GOSFORD PARK: Written by Julian Fellowes. Directed by Robert Altman. Starring Eileen Atkins, Bob Balaban, Alan Bates, Charles Dance, Stephen Fry, Michael Gambon, Richard E. Grant, Derek Jacobi, Kelly MacDonald, Helen Mirren, Jeremy Northam, Clive Owen, Ryan Philippe, Maggie Smith, Kristin Scott Thomas and Emily Watson. 2001. Rated R. 138 minutes. A Universal Home Video release. $14.98.
NEW AND NOTABLE
ALIAS: THE COMPLETE FIFTH SEASON (Buena Vista Home Video. $39.95): Although the final season of this cult favorite spy series was the most uneven of the bunch–mostly because creator J.J. Abrams was off working on “Mission: Impossible III” and Jennifer Garner’s ass-kicking abilities were severely curtailed because of her gestation of Ben Affleck’s foul drop–it did finally begin to click in the final episodes (new baddie Amy Acker nonchalantly bringing down a helicopter with one shot beat anything seen on “24") and led to a reasonably satisfying conclusion. In addition to this stand-alone set, Buena Vista has also released a mega-set that collects all five seasons and dozens of new extras and houses them in a replica of one of the Rambaldi artifacts–of course, if you are the kind of dedicated fan who already bought the previous sets, you’re kind of screwed.
BEST OF THE MATCH GAME (Brentwood Home Video. $34.95): I tell you, I just don’t get these kids today with their complicated game shows with their portentous music and their evil bankers and their Howie Mandels or William Shatners. As this four-disc set ably demonstrates, all you need to create a great game show are dozens of amiably smutty double-entendres, a host with the grisly demeanor of an undead Vegas lounge performer, the world’s thinnest microphone, a panel of celebrity guests so amiably addled that Richard Dawson was considered the intellectual of the group and the greatest theme music in the history of television. This invaluable set also includes an interview with perennial panelist Brett Somers, a copy of the original 1962 pilot and an episode featuring Kirstie Alley as a contestant.
CLASSIC COMEDY TEAMS (Warner Home Video. $28.95): This three-disc set presents two lesser-known films each from three of the most famous comedy teams of all time: Laurel & Hardy screw things up on the home front in 1943's “Air Raid Wardens” and portray a couple of servants trying to protect a boy king from harm in 1944's “Nothing But Trouble,” Abbott and Costello goof off in the desert in 1944's “Lost in a Harem” and become talent agents in 1945's “Abbott and Costello in Hollywood” and The Three Stooges (with Curly) work as janitors in a girl’s college in 1933's “Meet the Baron” (that is Baron Munchausen, by the way) and later (with Shemp) head out west in 1951's “Gold Raiders.” While I wouldn’t recommend using these films to introduce the teams to those unfamiliar with them, these titles should prove to be entertaining for their loyal fans.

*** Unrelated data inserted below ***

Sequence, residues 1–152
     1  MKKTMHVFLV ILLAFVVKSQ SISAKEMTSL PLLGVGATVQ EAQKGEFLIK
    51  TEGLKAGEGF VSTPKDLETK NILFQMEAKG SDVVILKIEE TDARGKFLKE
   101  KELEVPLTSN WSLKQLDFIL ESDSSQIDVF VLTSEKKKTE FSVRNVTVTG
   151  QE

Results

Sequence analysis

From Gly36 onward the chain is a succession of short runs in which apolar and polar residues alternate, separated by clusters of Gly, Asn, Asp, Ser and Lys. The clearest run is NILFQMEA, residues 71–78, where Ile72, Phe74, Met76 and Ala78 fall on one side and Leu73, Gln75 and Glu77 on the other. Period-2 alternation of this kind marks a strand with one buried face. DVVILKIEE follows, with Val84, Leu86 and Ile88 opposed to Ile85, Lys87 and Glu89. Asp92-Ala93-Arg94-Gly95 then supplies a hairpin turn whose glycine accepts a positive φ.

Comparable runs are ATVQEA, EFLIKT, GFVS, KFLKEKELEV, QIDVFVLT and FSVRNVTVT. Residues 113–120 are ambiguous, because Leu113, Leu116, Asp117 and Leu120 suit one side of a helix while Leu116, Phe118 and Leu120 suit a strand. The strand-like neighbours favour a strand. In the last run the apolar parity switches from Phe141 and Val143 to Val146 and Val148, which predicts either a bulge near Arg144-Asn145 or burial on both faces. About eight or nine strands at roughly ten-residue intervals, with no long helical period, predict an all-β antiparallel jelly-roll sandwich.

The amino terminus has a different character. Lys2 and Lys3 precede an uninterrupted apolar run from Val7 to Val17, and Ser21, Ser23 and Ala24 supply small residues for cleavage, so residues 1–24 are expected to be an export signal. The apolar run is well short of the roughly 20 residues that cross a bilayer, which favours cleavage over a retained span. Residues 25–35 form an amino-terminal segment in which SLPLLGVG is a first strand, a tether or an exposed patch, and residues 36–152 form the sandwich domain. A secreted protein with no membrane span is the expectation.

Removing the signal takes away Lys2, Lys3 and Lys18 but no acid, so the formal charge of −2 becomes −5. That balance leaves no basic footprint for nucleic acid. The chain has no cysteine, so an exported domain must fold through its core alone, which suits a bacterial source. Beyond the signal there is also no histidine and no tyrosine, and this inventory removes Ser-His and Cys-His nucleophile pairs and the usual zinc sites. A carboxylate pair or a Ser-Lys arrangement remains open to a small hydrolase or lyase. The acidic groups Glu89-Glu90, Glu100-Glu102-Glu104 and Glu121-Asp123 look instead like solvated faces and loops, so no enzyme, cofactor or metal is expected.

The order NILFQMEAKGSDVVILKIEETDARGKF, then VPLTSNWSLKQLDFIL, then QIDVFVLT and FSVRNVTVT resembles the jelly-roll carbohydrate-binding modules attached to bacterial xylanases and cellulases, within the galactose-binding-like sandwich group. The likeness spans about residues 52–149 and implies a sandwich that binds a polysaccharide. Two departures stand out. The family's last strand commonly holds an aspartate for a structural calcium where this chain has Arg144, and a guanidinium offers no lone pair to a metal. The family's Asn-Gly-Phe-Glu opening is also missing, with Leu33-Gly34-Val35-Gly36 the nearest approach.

THE DOUBLE LIFE OF VERONIQUE (The Criterion Collection. $39.95): In between his two masterworks–the ten-part miniseries “The Decalogue” (1988) and his “Three Colors” trilogy (1993-94), the late Polish filmmaker Krzysztof Kieslowski came up with this 1991 gem, in which Irene Jacob portrays two different women in two different countries who seem to share a mysterious bond despite never meeting each other, which just may be the most lovely and haunting work of his entire career. Long unavailable on video in America, Criterion makes up for lost time with a two-disc set featuring a commentary from Kieslowski scholar Annette Insdorf, three documentary shorts directed by Kieslowski, a pair of documentaries about Kieslowski and his work and a new interview with Jacob. A must-have.
A FISH CALLED WANDA (MGM Home Video. $26.98): The movie that taught an entire generation that the London Underground is not a political movement gets a long-awaited DVD upgrade that includes a commentary from John Cleese, interviews with co-stars Jamie Lee Curtis, Michael Palin and Kevin Kline (who won his Oscar for playing the decidedly stupid Otto) and deleted scenes.
GRAND THEFT AUTO (Buena Vista Home Video. $19.99): Like many other filmmakers before him, Ron Howard made his directorial debut helming a low-budget programmer for the legendary Roger Corman. Unlike most of those other directors, I would easily take this goofy car-crash comedy (in which Howard and his girlfriend find themselves the target of a manhunt when they try to elope to Vegas in a stolen Rolls-Royce, over something like “The Da Vinci Code” in a heartbeat. Apparently, so would he–while he did not provide a commentary for “The Da Vinci Code,” he did team up for a track with Corman.
HOME ALONE–FAMILY FUN EDITION (Fox Home Entertainment. $19.98): I’ve said it before and I’ll say it again–if I want to see a film that concludes with an extended sequence in which Joe Pesci is brutally tortured, I’ll put on my DVD of “Casino.”
HOW I MET YOUR MOTHER: THE COMPLETE FIRST SEASON (Fox Home Entertainment. $39.98): I mention this only because I firmly believe that if one is provided with an opportunity to mention a name like Cobie Smulders in print, one should seize it.
ICE AGE 2: THE MELTDOWN (Fox Home Entertainment. $29.98): Perhaps the dullest animated film of 2006–this merely replicated all the favorite bits of the 2002 original with all the verve and energy of a cheapo direct-to-video title. Of course, it wound up making about a gazillion dollars in the process, no doubt because viewers of all ages sparked to the romantic chemistry of a pair of mastodons with the voices of Ray Romano and Queen Latifah.
AN INCONVENIENT TRUTH (Paramount Home Video. $29.99): Is it mere coincidence that this acclaimed documentary, a film version of Al Gore’s multi-media lecture on the perils of global warning, appears on this list right after “Ice Age 2"? I think not.
MIRACLE ON 34th STREET (Fox Home Entertainment. $19.98): “There is a swing!”–Best Holiday Movie Ending Ever.